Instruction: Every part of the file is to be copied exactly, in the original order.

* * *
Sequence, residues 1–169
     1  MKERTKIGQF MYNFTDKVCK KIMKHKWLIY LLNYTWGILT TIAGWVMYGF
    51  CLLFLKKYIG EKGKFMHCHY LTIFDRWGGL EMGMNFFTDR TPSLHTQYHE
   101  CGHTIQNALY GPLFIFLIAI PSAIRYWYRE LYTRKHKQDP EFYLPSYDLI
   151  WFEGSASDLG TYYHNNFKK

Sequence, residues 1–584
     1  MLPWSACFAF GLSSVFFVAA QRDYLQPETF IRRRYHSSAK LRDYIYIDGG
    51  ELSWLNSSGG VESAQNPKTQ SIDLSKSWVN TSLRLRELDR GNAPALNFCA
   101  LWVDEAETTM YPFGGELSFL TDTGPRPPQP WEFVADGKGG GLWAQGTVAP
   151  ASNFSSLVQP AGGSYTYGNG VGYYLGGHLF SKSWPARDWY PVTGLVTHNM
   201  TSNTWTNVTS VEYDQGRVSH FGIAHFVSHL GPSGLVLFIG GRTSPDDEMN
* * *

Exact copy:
Sequence, residues 1–169
     1  MKERTKIGQF MYNFTDKVCK KIMKHKWLIY LLNYTWGILT TIAGWVMYGF
    51  CLLFLKKYIG EKGKFMHCHY LTIFDRWGGL EMGMNFFTDR TPSLHTQYHE
   101  CGHTIQNALY GPLFIFLIAI PSAIRYWYRE LYTRKHKQDP EFYLPSYDLI
   151  WFEGSASDLG TYYHNNFKK

Sequence, residues 1–584
     1  MLPWSACFAF GLSSVFFVAA QRDYLQPETF IRRRYHSSAK LRDYIYIDGG
    51  ELSWLNSSGG VESAQNPKTQ SIDLSKSWVN TSLRLRELDR GNAPALNFCA
   101  LWVDEAETTM YPFGGELSFL TDTGPRPPQP WEFVADGKGG GLWAQGTVAP
   151  ASNFSSLVQP AGGSYTYGNG VGYYLGGHLF SKSWPARDWY PVTGLVTHNM
   201  TSNTWTNVTS VEYDQGRVSH FGIAHFVSHL GPSGLVLFIG GRTSPDDEMN